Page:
It Shouldn’t Happen at Christmas

“The virgin will be with child and will give birth to a son, and they will call him Immanuel”—which means, “God with us.”
Matthew 1:23, NIV*

In the past few weeks, three people have lost parents or spouses, two have received bad medical news, and another is suddenly out of work. And these are just the ones I know! News coverage expands that list dramatically.

What’s the first thing we say? “It shouldn’t happen at Christmas.”

We have this instinctive sense that Christmas is about good news, not about pain. Some of that’s spiritual—the angels came proclaiming the wonder of God with us. Some of it’s human—remembering childhood’s warm anticipation of presents and surprises.

In the midst of the celebrations, pain happens.

Maybe that’s not so bad. The pain reminds us why Jesus came.

Let’s be sensitive to those who are suffering while the culture wants them to be smiling. Last week’s devotional thought was about “faithfully administering God’s grace” and one way we can do that is to bring God with us into every encounter. May His grace in us bring comfort and a sense of peace.

Father, I praise and thank You for the gift of Your presence. Jesus—Emanuel—God with us. Because You are with us, we are not consumed. Because You have rescued us, we have hope. Let us live in You and share Your presence with those around us.

Our song this week captures the tension between pain and joy: “I Heard the Bells on Christmas Day,” sung here by Casting Crowns.

*New International Version (NIV) Holy Bible, New International Version®, NIV® Copyright ©1973, 1978, 1984, 2011 by Biblica, Inc.® Used by permission. All rights reserved worldwide.

6 thoughts on “It Shouldn’t Happen at Christmas

  1. Margaret


    Yes, one’s heart just breaks to see suffering, especially at this time of year….. We also have friends in similar circumstances at this time….. We cannot escape these happenings, but need to look to our Lord for strength to bear them — as if that’s enough to say…..

    It makes me think of the problems Joseph and Mary faced having to flee to Egypt — and all the people in the area going through the horror of having their baby boys killed….. The pain was excruciating….. There just aren’t words for it all.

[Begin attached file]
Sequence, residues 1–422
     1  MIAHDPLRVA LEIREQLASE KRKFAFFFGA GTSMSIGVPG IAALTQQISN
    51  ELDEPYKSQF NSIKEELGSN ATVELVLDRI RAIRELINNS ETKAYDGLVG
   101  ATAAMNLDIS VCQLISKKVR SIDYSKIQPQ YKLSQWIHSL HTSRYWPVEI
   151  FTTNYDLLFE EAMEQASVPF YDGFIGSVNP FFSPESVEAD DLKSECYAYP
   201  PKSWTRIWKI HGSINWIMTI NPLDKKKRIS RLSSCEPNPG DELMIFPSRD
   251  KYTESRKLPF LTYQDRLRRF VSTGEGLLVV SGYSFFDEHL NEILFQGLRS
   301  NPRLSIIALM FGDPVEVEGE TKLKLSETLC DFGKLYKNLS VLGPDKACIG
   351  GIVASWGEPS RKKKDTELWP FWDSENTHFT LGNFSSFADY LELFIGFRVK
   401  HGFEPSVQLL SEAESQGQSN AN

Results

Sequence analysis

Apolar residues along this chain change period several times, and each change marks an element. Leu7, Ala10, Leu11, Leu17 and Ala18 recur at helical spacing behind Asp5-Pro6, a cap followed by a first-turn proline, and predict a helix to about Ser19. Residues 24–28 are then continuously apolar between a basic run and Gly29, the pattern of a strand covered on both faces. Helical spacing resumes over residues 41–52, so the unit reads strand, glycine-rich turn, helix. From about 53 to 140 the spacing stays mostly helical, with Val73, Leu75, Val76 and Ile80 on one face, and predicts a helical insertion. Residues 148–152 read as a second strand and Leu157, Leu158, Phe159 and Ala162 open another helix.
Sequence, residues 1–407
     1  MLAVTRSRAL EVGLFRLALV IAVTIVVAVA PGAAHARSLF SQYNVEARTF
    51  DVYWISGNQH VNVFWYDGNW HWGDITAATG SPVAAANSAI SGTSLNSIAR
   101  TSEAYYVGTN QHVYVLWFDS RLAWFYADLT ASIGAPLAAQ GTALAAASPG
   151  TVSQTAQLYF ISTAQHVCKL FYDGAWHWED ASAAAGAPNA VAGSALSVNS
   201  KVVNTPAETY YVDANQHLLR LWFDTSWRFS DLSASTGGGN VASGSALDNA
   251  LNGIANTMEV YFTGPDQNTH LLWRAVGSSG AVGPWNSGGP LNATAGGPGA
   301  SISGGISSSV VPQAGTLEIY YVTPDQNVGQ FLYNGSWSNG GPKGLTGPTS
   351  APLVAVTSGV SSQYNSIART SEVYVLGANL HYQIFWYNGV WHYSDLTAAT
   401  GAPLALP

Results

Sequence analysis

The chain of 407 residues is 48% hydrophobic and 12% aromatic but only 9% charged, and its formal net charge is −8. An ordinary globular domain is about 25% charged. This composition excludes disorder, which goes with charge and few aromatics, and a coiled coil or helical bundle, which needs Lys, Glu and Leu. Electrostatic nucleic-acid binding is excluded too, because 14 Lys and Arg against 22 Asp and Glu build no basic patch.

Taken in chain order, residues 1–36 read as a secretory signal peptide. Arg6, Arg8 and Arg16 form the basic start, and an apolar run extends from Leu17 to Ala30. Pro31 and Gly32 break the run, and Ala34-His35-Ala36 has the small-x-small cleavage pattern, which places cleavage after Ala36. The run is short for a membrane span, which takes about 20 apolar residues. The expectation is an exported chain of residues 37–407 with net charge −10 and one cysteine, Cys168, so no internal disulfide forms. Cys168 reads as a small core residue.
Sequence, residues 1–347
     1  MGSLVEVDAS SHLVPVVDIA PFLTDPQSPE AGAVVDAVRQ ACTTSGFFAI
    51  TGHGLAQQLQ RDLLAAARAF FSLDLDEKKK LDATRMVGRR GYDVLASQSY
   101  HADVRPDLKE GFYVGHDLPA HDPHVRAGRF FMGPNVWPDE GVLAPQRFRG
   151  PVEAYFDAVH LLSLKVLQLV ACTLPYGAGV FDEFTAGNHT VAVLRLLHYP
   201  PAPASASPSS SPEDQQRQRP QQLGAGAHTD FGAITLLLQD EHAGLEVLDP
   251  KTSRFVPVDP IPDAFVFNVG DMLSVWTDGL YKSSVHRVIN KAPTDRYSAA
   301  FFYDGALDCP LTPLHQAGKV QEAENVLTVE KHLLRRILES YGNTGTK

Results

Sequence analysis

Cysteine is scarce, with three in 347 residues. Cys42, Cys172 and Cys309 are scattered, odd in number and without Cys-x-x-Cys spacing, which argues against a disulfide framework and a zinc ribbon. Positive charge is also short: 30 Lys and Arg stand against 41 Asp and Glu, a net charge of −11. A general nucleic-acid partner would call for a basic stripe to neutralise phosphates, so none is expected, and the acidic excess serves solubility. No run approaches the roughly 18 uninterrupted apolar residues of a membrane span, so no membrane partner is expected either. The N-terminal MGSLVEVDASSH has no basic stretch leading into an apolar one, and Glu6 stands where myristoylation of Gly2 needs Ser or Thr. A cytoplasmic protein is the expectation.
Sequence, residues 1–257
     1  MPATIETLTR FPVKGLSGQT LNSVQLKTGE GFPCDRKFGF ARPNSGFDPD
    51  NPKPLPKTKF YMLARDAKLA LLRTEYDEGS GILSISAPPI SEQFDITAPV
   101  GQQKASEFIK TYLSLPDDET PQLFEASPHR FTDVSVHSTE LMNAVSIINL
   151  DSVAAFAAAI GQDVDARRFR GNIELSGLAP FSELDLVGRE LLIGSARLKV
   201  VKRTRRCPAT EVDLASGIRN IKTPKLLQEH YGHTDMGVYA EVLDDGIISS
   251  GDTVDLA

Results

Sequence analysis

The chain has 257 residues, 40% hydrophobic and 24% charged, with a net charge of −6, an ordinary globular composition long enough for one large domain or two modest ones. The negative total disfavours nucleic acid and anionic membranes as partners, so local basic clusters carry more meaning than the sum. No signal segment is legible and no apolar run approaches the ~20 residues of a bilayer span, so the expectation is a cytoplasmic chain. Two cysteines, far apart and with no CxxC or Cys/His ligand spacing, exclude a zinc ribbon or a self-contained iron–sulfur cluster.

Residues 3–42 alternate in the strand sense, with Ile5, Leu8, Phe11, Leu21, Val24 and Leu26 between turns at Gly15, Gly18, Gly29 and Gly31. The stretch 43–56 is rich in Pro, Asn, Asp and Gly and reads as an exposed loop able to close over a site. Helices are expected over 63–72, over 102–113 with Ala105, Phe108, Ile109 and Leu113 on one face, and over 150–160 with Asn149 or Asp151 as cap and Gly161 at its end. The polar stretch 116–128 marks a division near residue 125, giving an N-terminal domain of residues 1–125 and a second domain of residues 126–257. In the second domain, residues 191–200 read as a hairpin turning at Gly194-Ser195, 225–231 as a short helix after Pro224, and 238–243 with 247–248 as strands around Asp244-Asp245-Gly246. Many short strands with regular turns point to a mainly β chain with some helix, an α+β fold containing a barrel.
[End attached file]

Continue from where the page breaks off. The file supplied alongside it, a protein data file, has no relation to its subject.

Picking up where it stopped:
1. joannamallory

      Hi Margaret. We don’t think about these things unless we have to, but yes there was pain then as well as now. I can’t imagine the parents enduring Herod’s massacre. A friend pointed out today that living out our faith means weeping with those who weep as well as rejoicing with those who rejoice. God bless us all with awareness of His presence this Christmas.

  2. Ginny Jaques

    Great message, Joanna. So true. Christmas sometimes accentuates the pain because the joy around is so intense. But the bells still ring, don’t they? I love being your soul-mate.

    1. joannamallory

      Ginny, the bells still ring indeed. I remind myself of that when things look too dark.

      You had a blog post about how the joy came to stay and how that made all the difference. I’m still learning to recognize it at times, and I’m keeping an eye on your blog to help me learn. I know joy isn’t the same as happiness. I think it’s more like deep, abiding, unshakable confidence and trust in God who will not fail nor forsake.

      Waving at you from across the country and wishing you a blessed Christmas,

  3. Belinda Burston

    It is so important to be sensitive to those struggling with depression and loss, especially at Christmas, when the whole world seems to be happy and the fantasy of perfect family celebrations is portrayed everywhere you look. A good reminder to look around and see where an encouraging word, invitation, or visit should perhaps be more of a priority.

    1. joannamallory

      I agree, Belinda. I think there’s an increased social pressure to “put on a happy face” at Christmas so one person’s pain doesn’t cramp someone else’s party style. Not Jesus’ approach to people at all!


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